How Colleges Could Benefit from an NBA Rule Change

It is increasingly apparent that college basketball serves as an unofficial minor league for the National Basketball Association (NBA) rather than as an extracurricular activity for students. And it is not by accident, but by design.

Take the NBA’s “one-and-done” rule, for instance. It has sparked debate since its addition to the 2005 NBA Collective Bargaining Agreement (CBA). It states that all players must be at least 19 years old during the calendar year of the NBA draft and, unless the player isn’t American, at least one year removed from high school. In the past, players like LeBron James and Kobe Bryant could go directly to the NBA after high school. But now, other stars like Kevin Durant, Kyrie Irving, and DeAndre Ayton have been required to play a year in college.

The one-and-done rule serves the needs of the professional league rather than creating a mutually beneficial policy between players, professional teams, and colleges. Before it was in place, many teams wasted high draft picks on high school players who could not make the leap to the professional level. Additionally, the extra year allows players more time to develop and gives professional teams more time to identify transcendent talents.

Those transcendent talents dramatically affect the college basketball season because only five players are on the court at any given point in time. Recruiting these players causes corruption because athletic programs place winning at all costs above academic and ethical needs. A player planning to stay for just one season needs to do no more than the minimum asked of them academically because it is viewed as a temporary stay.

The NCAA had no say in the matter. The NBA can simply state who is eligible to play in their league and who is not.

However, all that could change in the not-too-distant future based on recent comments made by NBA commissioner Adam Silver. In July, Silver acknowledged the considerable discussion to replace the current one-year-in-college mandate with an 18-year-old minimum age rule. “My personal view is that we’re ready to make that change. It won’t come immediately, but…we should be taking a serious look at lowering our age to 18,” Silver said after meeting with the league’s owners. He pointed to recommendations from Condoleezza Rice’s NCAA commission and input from colleges in pushing his opinion against one-and-done.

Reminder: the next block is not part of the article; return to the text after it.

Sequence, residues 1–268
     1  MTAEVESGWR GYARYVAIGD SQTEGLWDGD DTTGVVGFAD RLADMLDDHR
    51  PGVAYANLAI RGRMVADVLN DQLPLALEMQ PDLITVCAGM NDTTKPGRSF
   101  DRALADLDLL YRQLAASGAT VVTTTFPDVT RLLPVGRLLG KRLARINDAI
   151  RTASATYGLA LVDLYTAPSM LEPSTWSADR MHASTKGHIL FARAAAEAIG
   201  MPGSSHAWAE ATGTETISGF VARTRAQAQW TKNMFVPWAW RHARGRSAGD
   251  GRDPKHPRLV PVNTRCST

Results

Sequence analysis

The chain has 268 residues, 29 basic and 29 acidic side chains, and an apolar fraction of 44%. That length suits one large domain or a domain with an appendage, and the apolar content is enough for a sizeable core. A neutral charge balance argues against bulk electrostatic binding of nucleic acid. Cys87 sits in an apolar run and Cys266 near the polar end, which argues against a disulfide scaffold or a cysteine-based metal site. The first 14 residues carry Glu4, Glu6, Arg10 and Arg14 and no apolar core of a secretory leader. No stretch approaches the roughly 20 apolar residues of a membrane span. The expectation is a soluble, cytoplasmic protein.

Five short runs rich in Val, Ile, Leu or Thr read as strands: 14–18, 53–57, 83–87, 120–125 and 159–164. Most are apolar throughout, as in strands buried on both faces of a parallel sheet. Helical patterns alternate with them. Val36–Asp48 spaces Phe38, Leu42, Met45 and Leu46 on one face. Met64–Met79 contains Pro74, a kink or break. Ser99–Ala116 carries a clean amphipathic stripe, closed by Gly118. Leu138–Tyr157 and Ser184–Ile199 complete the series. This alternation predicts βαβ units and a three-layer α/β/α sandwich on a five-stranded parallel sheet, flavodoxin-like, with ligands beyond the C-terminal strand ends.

The adjustment would occur no earlier than the 2021 NBA draft. For colleges and universities, that could be a blessing in disguise. Abolishing the rule could mean colleges won’t need to deal with short-term players anymore—or those who surround the players looking to get rich.

The one-and-done rule is not a widespread issue for NCAA schools, but rather one that has major implications for a handful of programs. Over the past ten years, the University of Kentucky has been the biggest beneficiary of the rule, with 25 freshmen leaving early for the NBA draft.

Other programs with high numbers of one-and-done players include:

  • Duke (12)
  • Kansas (8)
  • UCLA (7)
  • Texas (6)
  • Arizona (5)
  • Washington (4)

Additionally, the University of Nevada at Las Vegas and Syracuse had three players; Ohio State, Oklahoma, Florida State, and Michigan State had two; and twenty-eight other teams have had one player leave after their freshman year.

While one-and-done players are a small fraction of all college players, they are the elite. During the 2017 NBA draft, ten of the first eleven picks were freshmen.

Momentum for a rule change was probably initiated by recent scandals in college basketball. Shoe companies have paid players and required them to play for a particular college that wears their apparel. According to the News & Observer, Adidas executive Jim Gatto admitted to paying $40,000 to the family of guard Dennis Smith Jr. to ensure that he played at North Carolina State University, which wears Adidas apparel. Smith was considered a top-10 player nationally out of high school and eventually became the No. 9 overall pick in the 2017 NBA draft by the Dallas Mavericks. A similar scandal involving Adidas has been confirmed at the University of Louisville.

For players, the current rule has both pros and cons.